Griffin’s success a triumph of the spirit

I know there was some big climatic finish to some league or other over the water at the weekend but for Leitrim sportspeople there was only one event to watch: Colin Griffin’s final chance to qualify for the 50km Walk in the London Olympics in August.

I know there was some big climatic finish to some league or other over the water at the weekend but for Leitrim sportspeople there was only one event to watch: Colin Griffin’s final chance to qualify for the 50km Walk in the London Olympics in August.

By Colin Regan

Sometimes it’s easy to forget that Colin isn’t even 30 yet – he seems to have been around forever and a day. I guess he has in some ways, for the Leitrim Observer has been bringing us news of his brilliant career from his early juvenile days with Ballinamore AC. Much of the reportage has been through the priceless notes his father Padraig supplies to the paper week in week out giving us a constant reminder of the array of sporting codes young athletes across Leitrim strive for excellence in.

Colin had what he would call himself his ‘Annus Horribilis’ in 2011 and as a result of no 50km performance last year and not meeting the criteria, he was dropped from the Irish Sports Council Carding Scheme of which the grants were announced in March.

That is a huge blow to any international athlete for not only does it remove the vital funding that dictates the sort of training they can engage in, it also deliveries a psychological blow that only the toughest can overcome. Fortunately, in Colin we have one of the toughest around and he proved that to the world on Sunday. In intense heat and difficult conditions in Saransk, Russia, the Ballinamore man finished 15th in a time of 3:52.55, over six minutes inside the Olympic qualifying time.

Colin can now deservedly take his place amongst the best in the world at the summer Games, but more importantly, his unerring self-belief has been completely justified. I often check in on Colin’s blogs on his website but his last entry back in March touched me like few other sporting columns ever has.

Let me quote a little bit from it:

‘At the end of 2010 having finished 11th over 50km at the European Championships despite an injury-interrupted preparation, and having improved my 20km PB; I felt I was in a great position moving forward to pre-Olympic year. But since then I have watched my reputation that I worked long and hard to build up, slip away from me with one set-back after another.

‘But I always believe that a person is in control of their destiny and there are things that perhaps had I approached differently, that I may not have found myself in the position I am now in. However, it’s important not to waste time or energy dwelling on the negatives, only to accept and learn from them. While I may have lost some of my reputation and status within the sport, I have certainly not lost my confidence and desire to succeed.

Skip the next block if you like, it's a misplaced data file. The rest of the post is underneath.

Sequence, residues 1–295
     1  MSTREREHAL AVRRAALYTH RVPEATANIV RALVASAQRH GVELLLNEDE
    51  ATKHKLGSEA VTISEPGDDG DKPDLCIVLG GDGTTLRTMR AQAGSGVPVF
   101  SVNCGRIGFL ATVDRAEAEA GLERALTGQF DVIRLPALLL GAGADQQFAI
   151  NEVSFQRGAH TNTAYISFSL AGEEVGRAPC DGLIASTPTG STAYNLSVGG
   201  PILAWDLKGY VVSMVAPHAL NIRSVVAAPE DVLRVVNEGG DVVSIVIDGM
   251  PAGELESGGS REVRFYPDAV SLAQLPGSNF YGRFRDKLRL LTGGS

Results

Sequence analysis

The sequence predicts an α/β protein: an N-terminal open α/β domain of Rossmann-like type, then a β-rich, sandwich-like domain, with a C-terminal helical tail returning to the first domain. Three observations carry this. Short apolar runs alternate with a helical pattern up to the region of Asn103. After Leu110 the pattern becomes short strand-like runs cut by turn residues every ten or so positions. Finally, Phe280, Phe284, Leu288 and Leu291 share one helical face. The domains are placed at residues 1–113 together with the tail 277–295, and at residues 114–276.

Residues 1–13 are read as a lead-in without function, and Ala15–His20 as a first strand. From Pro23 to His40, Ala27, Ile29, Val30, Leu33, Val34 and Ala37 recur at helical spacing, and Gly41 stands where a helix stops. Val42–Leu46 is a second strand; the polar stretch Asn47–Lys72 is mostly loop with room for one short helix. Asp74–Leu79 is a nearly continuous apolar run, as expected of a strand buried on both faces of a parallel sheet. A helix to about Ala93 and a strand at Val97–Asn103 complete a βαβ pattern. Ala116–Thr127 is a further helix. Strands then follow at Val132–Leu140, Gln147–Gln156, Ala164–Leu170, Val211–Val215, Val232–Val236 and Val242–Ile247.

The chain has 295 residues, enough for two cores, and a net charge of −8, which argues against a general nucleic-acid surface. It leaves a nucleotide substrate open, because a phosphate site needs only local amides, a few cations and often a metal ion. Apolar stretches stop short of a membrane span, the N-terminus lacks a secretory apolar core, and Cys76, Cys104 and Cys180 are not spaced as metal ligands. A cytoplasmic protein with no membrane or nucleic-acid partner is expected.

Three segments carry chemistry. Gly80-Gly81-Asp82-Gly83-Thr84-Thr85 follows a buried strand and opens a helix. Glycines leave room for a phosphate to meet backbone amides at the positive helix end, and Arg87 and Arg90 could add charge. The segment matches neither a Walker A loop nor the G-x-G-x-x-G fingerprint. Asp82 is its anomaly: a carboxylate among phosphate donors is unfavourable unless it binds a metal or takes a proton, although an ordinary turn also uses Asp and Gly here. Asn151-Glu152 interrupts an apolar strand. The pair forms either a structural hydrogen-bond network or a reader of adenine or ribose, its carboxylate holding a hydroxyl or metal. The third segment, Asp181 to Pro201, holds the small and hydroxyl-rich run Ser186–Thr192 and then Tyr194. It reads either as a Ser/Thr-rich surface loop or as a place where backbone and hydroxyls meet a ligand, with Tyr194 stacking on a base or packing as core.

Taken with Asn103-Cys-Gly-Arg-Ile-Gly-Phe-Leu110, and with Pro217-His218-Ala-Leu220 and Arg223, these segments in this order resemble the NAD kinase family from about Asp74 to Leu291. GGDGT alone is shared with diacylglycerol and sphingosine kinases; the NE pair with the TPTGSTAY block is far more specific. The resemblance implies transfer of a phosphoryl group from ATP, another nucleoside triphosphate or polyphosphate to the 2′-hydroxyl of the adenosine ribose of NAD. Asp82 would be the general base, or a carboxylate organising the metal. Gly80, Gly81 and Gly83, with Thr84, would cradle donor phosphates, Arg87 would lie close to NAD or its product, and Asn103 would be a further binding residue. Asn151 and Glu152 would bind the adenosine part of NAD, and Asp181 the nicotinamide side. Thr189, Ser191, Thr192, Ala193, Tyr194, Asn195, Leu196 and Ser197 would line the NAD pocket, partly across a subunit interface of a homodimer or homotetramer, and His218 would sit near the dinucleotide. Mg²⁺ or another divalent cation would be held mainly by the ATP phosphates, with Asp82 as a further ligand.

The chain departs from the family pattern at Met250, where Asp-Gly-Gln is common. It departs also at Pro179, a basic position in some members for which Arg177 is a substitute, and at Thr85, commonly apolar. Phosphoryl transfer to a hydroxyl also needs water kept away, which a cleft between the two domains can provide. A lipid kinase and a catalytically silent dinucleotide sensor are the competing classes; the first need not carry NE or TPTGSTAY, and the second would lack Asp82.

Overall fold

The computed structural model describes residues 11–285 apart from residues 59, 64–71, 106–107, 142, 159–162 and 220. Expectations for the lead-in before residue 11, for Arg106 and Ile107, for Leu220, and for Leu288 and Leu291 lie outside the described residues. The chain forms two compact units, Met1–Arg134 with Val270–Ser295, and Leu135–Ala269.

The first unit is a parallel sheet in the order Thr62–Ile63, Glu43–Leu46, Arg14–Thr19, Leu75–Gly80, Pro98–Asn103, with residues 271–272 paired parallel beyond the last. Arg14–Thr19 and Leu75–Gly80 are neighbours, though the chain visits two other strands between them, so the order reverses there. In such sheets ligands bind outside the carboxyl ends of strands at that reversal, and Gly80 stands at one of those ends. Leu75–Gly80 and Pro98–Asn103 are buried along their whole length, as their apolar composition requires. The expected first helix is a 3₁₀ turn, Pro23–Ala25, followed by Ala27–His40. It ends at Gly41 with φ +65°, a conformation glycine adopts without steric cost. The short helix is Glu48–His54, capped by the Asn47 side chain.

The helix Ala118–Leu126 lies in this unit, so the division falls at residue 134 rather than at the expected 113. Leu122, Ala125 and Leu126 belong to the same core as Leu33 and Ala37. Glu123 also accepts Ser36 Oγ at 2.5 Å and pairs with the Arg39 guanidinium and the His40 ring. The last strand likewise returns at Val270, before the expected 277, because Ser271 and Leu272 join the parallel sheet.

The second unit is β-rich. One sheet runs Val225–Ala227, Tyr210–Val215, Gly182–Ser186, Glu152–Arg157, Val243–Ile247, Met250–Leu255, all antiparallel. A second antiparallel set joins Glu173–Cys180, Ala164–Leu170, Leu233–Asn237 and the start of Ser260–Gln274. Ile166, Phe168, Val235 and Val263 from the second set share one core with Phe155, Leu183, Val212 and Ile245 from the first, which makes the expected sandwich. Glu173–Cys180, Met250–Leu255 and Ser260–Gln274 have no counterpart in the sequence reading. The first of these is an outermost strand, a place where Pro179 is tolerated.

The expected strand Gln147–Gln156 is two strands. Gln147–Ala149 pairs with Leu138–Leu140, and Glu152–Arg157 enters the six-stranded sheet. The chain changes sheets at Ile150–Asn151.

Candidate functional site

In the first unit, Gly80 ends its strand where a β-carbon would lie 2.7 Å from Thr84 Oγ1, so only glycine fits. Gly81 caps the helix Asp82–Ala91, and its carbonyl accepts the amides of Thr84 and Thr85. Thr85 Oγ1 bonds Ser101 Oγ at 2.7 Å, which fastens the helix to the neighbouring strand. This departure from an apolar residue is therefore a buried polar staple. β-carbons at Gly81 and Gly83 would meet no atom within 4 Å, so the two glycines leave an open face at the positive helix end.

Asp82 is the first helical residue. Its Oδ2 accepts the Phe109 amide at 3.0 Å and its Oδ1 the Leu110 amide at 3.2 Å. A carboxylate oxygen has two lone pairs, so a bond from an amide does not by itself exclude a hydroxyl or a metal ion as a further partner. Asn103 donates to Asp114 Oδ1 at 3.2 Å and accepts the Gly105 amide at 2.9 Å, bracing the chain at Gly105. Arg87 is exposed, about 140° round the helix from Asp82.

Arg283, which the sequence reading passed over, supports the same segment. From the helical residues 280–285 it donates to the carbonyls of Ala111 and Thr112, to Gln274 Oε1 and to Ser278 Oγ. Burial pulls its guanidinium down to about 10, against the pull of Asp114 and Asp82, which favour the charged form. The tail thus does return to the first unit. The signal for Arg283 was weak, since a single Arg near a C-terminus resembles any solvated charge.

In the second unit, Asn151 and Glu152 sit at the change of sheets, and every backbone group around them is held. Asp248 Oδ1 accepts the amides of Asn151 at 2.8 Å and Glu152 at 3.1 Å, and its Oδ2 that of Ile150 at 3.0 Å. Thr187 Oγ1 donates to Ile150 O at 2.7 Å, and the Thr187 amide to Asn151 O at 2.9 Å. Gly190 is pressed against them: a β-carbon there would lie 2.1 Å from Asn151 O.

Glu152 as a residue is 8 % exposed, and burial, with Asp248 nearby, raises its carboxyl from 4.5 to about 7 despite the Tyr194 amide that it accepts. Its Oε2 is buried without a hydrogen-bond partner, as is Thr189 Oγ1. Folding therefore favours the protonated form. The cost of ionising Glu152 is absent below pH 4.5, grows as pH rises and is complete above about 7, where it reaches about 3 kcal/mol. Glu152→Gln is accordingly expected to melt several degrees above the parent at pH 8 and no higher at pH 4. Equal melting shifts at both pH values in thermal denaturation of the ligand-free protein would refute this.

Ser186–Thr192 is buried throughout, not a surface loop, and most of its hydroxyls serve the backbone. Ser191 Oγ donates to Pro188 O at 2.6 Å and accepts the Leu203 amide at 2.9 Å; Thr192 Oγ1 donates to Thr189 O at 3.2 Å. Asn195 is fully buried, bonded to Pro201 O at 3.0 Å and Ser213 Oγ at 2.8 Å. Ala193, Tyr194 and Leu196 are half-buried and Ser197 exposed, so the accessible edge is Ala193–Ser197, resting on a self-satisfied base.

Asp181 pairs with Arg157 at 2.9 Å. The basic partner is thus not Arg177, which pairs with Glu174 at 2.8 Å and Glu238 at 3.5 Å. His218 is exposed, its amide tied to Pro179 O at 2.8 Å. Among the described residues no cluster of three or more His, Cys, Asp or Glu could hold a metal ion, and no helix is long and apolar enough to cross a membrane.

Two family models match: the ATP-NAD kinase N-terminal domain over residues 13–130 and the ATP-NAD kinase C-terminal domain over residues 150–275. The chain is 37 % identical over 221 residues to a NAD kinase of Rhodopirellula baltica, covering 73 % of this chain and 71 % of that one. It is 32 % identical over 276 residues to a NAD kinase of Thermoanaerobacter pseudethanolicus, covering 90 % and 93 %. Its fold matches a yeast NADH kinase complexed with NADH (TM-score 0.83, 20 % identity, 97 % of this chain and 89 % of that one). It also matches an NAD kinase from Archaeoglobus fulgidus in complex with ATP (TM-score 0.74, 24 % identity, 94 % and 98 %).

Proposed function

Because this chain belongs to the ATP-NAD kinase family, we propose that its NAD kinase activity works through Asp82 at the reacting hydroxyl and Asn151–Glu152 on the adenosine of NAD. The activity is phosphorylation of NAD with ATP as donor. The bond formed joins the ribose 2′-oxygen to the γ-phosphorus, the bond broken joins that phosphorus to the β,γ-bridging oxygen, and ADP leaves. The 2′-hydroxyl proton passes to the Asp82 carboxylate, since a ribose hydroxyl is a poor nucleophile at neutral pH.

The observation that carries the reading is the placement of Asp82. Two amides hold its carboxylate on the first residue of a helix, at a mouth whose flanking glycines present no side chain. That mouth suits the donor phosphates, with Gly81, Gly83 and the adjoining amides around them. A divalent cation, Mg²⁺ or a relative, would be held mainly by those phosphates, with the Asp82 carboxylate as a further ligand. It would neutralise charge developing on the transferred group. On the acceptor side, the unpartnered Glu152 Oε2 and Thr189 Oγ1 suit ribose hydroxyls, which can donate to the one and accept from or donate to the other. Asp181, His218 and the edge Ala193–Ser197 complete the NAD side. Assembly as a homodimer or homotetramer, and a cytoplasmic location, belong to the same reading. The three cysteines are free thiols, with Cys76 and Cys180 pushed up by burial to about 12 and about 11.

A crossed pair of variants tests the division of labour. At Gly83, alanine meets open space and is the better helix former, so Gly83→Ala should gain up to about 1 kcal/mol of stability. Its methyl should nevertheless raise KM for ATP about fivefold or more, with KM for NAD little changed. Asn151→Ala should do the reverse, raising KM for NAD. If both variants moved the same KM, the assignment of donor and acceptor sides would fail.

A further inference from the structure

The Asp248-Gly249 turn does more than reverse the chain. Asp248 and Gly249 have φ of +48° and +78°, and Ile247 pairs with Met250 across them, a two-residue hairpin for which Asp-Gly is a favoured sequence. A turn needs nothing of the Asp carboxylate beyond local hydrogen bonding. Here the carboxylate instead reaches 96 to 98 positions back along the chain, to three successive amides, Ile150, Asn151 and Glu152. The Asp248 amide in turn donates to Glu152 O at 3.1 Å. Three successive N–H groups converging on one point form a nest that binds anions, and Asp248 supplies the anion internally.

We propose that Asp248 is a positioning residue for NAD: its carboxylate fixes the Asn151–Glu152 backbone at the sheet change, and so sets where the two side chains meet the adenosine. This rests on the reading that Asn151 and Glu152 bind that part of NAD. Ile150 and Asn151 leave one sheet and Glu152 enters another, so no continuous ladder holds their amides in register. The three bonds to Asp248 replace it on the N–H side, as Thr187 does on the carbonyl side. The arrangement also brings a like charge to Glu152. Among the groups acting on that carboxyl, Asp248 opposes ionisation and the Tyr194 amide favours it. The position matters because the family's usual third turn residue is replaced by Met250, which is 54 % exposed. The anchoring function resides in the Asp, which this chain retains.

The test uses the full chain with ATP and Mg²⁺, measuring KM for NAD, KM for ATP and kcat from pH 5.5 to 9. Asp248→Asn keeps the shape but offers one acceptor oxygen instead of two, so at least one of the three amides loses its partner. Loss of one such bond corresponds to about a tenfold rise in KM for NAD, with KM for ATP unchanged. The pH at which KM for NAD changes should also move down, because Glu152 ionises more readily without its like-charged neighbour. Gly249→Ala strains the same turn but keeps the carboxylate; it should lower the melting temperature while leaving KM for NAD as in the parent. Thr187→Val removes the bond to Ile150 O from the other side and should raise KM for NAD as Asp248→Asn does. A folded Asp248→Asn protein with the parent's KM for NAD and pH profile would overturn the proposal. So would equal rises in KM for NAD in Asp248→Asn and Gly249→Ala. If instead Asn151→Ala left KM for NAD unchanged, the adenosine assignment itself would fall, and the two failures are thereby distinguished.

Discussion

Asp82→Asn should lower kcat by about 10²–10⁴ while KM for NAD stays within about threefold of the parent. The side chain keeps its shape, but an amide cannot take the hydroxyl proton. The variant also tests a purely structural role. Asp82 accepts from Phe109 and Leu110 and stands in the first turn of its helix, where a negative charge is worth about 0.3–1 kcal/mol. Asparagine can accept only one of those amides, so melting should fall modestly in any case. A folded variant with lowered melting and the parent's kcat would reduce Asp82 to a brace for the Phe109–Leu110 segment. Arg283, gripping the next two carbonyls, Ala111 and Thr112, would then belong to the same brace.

‘I am looking forward to my 50km race in just under 4 weeks time and barring any disaster that may prevent me from finishing the race, I am confident of comfortably achieving the qualification standard and then have my sights firmly set on the Olympic Games this summer.’

That disaster he mentioned almost arrived when he picked up his second red card after just 10km on Sunday, but instead of throwing in the towel this appears to have cemented Colin’s concentration in a discipline determined by the mind as much as the body. The above paragraph should be posted in every dressing room and GYM in the country as an inspiration to anyone interested in being the best that they can be. Its Shawshank Redemption stuff for goodness sake!

It will, no doubt, offer some solace to our other great walker Laura Reynolds who was on the target for the Olympic Standard for three quarters of her race in Russia, only to fade in the latter stages finishing in 1:37:06 outside her best of 1:34:42 that she set earlier in the year in Naumburg. With a coach like Colin to guide her, Laura’s future is in good hands.

And finally a word from the saddle … Next Wednesday I’m cycling from Westport to Bundoran as part of the GPA’s ‘Race the Rás’ charity cycle to raise funds for AWARE and the National Breast Cancer Research Institute in Galway.

My sister Jean and my cousin Lyndsey McGonigle both inspired our family and friends with their indefatigable energy and spirit as they overcame breast cancer over the past 18 months and this is an easy way for me to show them how much they mean to me. There’s hardly a house in the county has hasn’t been affected by cancer or issues relating to mental health. If you would like to support either of these great charities please jump onto my fundraising page at http://www.mycharity.ie/event/colin_regan/ and give anything you can.